Compression and Decompression in Mathematics

Danesi, Marcel, editor. 2020. Interdisciplinary Perspectives on Math Cognition. Chapter 2. Springer.

24 Pages Posted: 10 Jul 2019

See all articles by Mark B. Turner

Mark B. Turner

Case Western Reserve University - Department of Cognitive Science

Date Written: July 7, 2019

Abstract

Since antiquity, it has been recognized that the human body and brain are small, local, and limited. Working memory is equally limited. How can immense ranges of meaning be managed within the limits of the processes of thought? Blending is a conceptual operation that helps to make intractable mental networks tractable. Blending can operate on large networks of mental spaces to produce tight, conceptually congenial, compressed blended spaces. These compressed blended spaces can then serve as manageable platforms for thinking. Working from the congenial blend, the mind can extend to this or that part of a mental network that would otherwise be too large, complex, and capacious to handle. Such mental acts of compression and decompression are essential tools of mathematical thinking and mathematical invention. This article analyzes patterns of compression and decompression in mathematics.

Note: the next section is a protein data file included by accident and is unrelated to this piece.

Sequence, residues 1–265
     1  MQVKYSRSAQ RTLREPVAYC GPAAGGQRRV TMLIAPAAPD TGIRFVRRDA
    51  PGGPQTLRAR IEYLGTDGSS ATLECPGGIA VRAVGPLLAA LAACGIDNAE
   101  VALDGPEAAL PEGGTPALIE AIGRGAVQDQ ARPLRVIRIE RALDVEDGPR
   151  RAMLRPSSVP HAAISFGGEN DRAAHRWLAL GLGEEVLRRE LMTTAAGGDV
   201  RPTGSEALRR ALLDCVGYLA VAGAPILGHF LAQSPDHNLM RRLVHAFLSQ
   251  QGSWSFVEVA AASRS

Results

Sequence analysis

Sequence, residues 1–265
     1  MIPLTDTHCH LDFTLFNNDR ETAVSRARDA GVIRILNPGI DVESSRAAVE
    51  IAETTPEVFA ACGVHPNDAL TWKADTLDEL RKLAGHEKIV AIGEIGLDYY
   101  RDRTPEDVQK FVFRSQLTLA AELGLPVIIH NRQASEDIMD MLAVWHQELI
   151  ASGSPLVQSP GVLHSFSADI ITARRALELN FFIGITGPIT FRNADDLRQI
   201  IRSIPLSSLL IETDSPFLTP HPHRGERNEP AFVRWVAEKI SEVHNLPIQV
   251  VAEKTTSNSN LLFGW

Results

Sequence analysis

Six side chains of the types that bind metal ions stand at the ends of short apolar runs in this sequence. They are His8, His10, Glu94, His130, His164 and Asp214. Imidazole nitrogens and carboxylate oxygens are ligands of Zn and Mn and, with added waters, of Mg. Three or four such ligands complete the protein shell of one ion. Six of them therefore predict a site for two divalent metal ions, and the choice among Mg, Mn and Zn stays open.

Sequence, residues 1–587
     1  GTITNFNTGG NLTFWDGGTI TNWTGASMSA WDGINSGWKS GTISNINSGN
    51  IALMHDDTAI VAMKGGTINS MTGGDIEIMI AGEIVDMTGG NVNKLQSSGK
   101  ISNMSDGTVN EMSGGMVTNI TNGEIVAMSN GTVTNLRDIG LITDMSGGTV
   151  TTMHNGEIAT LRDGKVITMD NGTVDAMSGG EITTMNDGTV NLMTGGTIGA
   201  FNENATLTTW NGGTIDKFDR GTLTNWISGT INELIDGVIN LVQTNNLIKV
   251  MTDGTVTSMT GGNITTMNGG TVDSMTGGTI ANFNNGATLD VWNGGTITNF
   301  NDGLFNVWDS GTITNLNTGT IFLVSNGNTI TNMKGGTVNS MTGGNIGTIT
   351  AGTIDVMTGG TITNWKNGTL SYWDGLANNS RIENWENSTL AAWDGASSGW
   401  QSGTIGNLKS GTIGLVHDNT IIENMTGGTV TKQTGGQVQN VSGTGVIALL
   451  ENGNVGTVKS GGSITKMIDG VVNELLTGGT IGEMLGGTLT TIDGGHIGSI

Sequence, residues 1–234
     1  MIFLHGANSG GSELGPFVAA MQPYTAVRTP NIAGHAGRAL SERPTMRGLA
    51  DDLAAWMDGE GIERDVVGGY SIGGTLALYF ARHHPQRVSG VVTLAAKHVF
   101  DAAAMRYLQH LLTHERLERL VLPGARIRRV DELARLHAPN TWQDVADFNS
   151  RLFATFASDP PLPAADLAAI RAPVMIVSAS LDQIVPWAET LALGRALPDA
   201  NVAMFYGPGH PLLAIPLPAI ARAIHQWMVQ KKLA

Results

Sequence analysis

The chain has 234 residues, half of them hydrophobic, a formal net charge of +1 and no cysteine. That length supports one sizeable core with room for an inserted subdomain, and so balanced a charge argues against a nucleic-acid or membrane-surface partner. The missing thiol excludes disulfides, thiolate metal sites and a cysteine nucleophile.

Keywords: mathematics, cognition, conceptual blending

Suggested Citation

Turner, Mark B., Compression and Decompression in Mathematics (July 7, 2019). Danesi, Marcel, editor. 2020. Interdisciplinary Perspectives on Math Cognition. Chapter 2. Springer.. Available at SSRN: https://ssrn.com/abstract=3416205

Mark B. Turner (Contact Author)

Case Western Reserve University - Department of Cognitive Science ( email )

10900 Euclid Avenue
Cleveland, OH 44106-7068
United States

HOME PAGE: http://markturner.org

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